BDO calls for intervention in the audit market

BDO, the world’s fifth largest accountancy network, is calling for intervention in the audit market, in particular to prevent the largest four networks from using their dominant position to acquire firms outside the ‘Big Four’, particularly in emerging markets.
On submitting the BDO response to the European Commission’s Green Paper: ‘Audit Policy: Lessons from the Crisis’, BDO CEO Jeremy Newman said:

"We welcome the indication that the Commission is prepared to intervene in the market in which BDO and its competitors operate, particularly to address the issue of concentration. We have previously supported a market-based response but it is clear that this has not been effective and that some regulatory and/or Governmental action is now required.

“More choice in the market for the audit of the largest companies is necessary. Should one of the four dominant audit networks leave the market for any reason, there is a real likelihood of severe disruption. Accordingly, we believe that any of the four dominant firms is potentially ‘too big to fail’. Action needs to be taken now to address this issue”, said Jeremy Newman.

BDO is also urging the Commission to recognise the importance of networks outside the ‘Big Four’ being able to develop and grow their businesses in developing countries, in order to provide greater choice in the audit market as a whole. Jeremy Newman said:

“The Commission must consider how best to prevent the ‘Big Four’ from becoming even larger by acquiring member firms of the other large networks, including in countries outside the EU. We are asking the Commission to engage with regulators and competition authorities in G20 and significant emerging economies to take appropriate measures to prevent the largest firms taking advantage of their dominant market position at the expense of other market participants.”

Newman cites the recent acquisition in Brazil of the Grant Thornton firm - which at the time was the largest firm outside the ‘Big Four’- by Ernst & Young. There has been similar takeover activity in the French audit market, with three major firms being acquired by ‘Big Four’ firms in recent years, including BDO’s own former member firm in France.

In response to concerns about ‘Big Four bias’, BDO has suggested intervention in a number of other areas including the outlawing of all artificial intervention by third parties in the appointment of auditors; using public procurement policies to actively seek to establish a more competitive landscape by weighting the rules towards qualified non 'Big Four' firms; and the establishment of mechanisms to facilitate the involvement of shareholders in the appointment of auditors.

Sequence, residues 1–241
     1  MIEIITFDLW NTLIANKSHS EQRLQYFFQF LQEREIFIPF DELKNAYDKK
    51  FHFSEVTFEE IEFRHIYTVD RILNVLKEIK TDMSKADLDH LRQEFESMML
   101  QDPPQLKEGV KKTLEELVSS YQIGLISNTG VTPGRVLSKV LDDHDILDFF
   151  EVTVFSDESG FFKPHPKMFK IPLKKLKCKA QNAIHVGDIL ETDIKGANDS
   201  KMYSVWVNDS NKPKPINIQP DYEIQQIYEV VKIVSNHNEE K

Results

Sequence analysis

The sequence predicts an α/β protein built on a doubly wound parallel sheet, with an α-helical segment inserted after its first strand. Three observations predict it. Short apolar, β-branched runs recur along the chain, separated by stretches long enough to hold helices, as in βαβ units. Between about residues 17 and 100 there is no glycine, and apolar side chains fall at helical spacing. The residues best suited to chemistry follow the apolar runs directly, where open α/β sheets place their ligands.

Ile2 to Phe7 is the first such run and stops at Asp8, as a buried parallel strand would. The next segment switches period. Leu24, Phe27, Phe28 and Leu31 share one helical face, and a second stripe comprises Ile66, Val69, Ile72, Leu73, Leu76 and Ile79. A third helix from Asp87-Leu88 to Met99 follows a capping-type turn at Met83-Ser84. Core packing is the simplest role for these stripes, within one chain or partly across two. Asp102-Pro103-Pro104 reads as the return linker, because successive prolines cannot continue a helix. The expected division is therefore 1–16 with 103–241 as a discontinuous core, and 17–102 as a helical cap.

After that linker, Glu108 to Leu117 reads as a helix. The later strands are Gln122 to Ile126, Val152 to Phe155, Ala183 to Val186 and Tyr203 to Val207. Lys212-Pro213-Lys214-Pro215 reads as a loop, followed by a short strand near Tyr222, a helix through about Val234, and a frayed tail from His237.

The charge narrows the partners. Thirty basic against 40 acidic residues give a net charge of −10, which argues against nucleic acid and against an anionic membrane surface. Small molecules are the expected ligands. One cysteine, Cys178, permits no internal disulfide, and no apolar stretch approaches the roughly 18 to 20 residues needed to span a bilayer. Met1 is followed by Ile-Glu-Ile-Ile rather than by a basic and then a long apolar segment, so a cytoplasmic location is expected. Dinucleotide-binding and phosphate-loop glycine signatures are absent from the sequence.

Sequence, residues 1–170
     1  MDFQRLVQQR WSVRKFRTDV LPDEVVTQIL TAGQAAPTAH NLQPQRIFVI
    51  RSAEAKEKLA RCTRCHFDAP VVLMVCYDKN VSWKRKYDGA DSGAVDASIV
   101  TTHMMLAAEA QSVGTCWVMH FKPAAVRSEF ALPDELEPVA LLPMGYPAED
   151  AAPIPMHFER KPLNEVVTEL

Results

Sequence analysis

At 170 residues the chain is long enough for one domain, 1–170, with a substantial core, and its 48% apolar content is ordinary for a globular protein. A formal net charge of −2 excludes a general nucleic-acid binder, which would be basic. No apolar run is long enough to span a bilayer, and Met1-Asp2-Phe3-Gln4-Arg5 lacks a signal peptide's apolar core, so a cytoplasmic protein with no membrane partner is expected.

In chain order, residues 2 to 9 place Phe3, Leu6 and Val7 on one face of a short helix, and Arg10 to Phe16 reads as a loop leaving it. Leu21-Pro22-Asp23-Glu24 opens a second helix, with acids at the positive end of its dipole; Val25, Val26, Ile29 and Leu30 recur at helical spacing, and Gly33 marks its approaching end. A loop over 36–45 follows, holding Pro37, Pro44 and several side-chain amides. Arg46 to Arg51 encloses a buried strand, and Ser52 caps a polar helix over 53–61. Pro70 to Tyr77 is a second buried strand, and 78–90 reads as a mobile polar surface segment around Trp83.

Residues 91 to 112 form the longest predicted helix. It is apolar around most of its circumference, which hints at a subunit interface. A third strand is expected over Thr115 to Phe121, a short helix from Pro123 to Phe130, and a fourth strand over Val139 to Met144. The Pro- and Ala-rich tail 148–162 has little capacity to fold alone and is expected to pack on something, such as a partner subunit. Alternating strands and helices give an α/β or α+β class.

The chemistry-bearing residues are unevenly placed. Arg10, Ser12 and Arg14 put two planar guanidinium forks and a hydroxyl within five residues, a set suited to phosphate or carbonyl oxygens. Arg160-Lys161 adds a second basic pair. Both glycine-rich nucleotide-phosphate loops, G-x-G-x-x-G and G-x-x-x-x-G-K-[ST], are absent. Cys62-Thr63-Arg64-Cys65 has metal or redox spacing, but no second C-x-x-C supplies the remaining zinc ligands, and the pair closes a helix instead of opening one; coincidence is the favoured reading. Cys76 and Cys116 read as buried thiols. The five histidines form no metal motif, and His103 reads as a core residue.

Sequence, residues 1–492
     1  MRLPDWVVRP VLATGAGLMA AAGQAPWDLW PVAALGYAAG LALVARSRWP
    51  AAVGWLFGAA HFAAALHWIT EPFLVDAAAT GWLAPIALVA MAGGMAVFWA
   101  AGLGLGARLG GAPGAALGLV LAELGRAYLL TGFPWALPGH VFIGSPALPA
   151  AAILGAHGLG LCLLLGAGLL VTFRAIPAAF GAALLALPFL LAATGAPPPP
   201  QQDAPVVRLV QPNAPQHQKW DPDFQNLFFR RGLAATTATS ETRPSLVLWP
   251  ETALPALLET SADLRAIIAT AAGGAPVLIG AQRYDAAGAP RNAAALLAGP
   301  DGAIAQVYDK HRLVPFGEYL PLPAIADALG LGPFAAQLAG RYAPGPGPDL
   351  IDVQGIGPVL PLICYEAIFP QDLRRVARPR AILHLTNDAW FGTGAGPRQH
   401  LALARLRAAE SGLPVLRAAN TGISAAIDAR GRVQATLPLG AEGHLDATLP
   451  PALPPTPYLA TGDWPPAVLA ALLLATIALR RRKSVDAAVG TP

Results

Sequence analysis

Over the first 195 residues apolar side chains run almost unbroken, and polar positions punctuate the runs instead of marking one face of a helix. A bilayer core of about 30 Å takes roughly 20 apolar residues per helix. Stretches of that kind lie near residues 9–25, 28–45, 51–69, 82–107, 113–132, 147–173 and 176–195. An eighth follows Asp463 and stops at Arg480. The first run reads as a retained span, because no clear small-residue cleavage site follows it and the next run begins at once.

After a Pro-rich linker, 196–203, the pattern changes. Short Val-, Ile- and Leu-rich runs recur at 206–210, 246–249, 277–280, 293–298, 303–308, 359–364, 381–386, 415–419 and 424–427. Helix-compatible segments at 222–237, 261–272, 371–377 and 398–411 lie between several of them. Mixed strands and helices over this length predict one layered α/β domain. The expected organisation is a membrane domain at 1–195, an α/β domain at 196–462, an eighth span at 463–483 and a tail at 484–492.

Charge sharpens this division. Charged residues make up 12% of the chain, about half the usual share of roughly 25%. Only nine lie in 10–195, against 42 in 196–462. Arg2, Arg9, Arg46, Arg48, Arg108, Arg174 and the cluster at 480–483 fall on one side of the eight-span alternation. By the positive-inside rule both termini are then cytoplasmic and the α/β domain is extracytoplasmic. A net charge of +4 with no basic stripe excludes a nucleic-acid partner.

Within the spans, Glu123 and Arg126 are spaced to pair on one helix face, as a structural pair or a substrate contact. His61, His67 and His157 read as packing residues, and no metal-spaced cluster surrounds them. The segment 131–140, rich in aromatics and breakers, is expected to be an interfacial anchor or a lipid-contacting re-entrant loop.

Jeremy Newman noted that BDO Member Firms have lost audit clients in various jurisdictions that were forced by lenders to switch to a ‘Big Four’ auditor. Similarly, BDO firms have failed to win prospective clients due to express or implicit application of such bias by lenders, despite the borrowers expressing their preference to appoint BDO. He said:

"The invidious practice of restrictive clauses requiring the use of a ‘Big Four’ audit firm, as found in lending covenants of financial institutions and in some elements of the public sector, should be outlawed. They reflect and perpetuate concentration without regard to the quality or expertise of other audit firms and represent an unacceptable third-party intervention in the appointment of the statutory auditor. The prohibition of the written clauses themselves would be an excellent starting point in the elimination of the behavioural bias underlying the practice, but verbal imposition of these requirements, however expressed, should also be prohibited.

“Regulators and Governments should do more to acknowledge the quality of other significant networks”, concludes Newman. “For example, using public procurement practices to foster a more competitive marketplace would also send a message to the corporate community that firms outside the ‘Big Four’ have the dedication to quality to carry out complex assignments”.